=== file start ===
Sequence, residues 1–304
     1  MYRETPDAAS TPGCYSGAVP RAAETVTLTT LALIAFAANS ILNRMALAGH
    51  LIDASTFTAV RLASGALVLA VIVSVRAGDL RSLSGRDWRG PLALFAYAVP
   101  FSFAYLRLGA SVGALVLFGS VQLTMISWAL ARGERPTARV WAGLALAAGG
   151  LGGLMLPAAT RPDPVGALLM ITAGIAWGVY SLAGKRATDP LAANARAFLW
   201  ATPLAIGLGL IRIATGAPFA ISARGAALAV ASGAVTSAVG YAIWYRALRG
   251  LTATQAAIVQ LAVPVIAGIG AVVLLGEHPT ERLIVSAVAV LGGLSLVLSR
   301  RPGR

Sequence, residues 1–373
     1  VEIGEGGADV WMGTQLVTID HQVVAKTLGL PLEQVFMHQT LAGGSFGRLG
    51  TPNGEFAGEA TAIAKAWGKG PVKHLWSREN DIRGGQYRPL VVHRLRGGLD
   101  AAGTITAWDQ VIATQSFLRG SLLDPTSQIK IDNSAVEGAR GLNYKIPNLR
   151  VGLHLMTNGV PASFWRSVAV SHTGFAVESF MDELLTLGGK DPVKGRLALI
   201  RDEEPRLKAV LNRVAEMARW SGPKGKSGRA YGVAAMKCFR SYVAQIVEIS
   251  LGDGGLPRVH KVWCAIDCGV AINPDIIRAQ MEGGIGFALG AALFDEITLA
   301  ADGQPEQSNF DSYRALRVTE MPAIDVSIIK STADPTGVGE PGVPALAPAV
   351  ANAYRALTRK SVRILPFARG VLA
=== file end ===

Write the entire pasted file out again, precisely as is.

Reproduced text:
Sequence, residues 1–304
     1  MYRETPDAAS TPGCYSGAVP RAAETVTLTT LALIAFAANS ILNRMALAGH
    51  LIDASTFTAV RLASGALVLA VIVSVRAGDL RSLSGRDWRG PLALFAYAVP
   101  FSFAYLRLGA SVGALVLFGS VQLTMISWAL ARGERPTARV WAGLALAAGG
   151  LGGLMLPAAT RPDPVGALLM ITAGIAWGVY SLAGKRATDP LAANARAFLW
   201  ATPLAIGLGL IRIATGAPFA ISARGAALAV ASGAVTSAVG YAIWYRALRG
   251  LTATQAAIVQ LAVPVIAGIG AVVLLGEHPT ERLIVSAVAV LGGLSLVLSR
   301  RPGR

Sequence, residues 1–373
     1  VEIGEGGADV WMGTQLVTID HQVVAKTLGL PLEQVFMHQT LAGGSFGRLG
    51  TPNGEFAGEA TAIAKAWGKG PVKHLWSREN DIRGGQYRPL VVHRLRGGLD
   101  AAGTITAWDQ VIATQSFLRG SLLDPTSQIK IDNSAVEGAR GLNYKIPNLR
   151  VGLHLMTNGV PASFWRSVAV SHTGFAVESF MDELLTLGGK DPVKGRLALI
   201  RDEEPRLKAV LNRVAEMARW SGPKGKSGRA YGVAAMKCFR SYVAQIVEIS
   251  LGDGGLPRVH KVWCAIDCGV AINPDIIRAQ MEGGIGFALG AALFDEITLA
   301  ADGQPEQSNF DSYRALRVTE MPAIDVSIIK STADPTGVGE PGVPALAPAV
   351  ANAYRALTRK SVRILPFARG VLA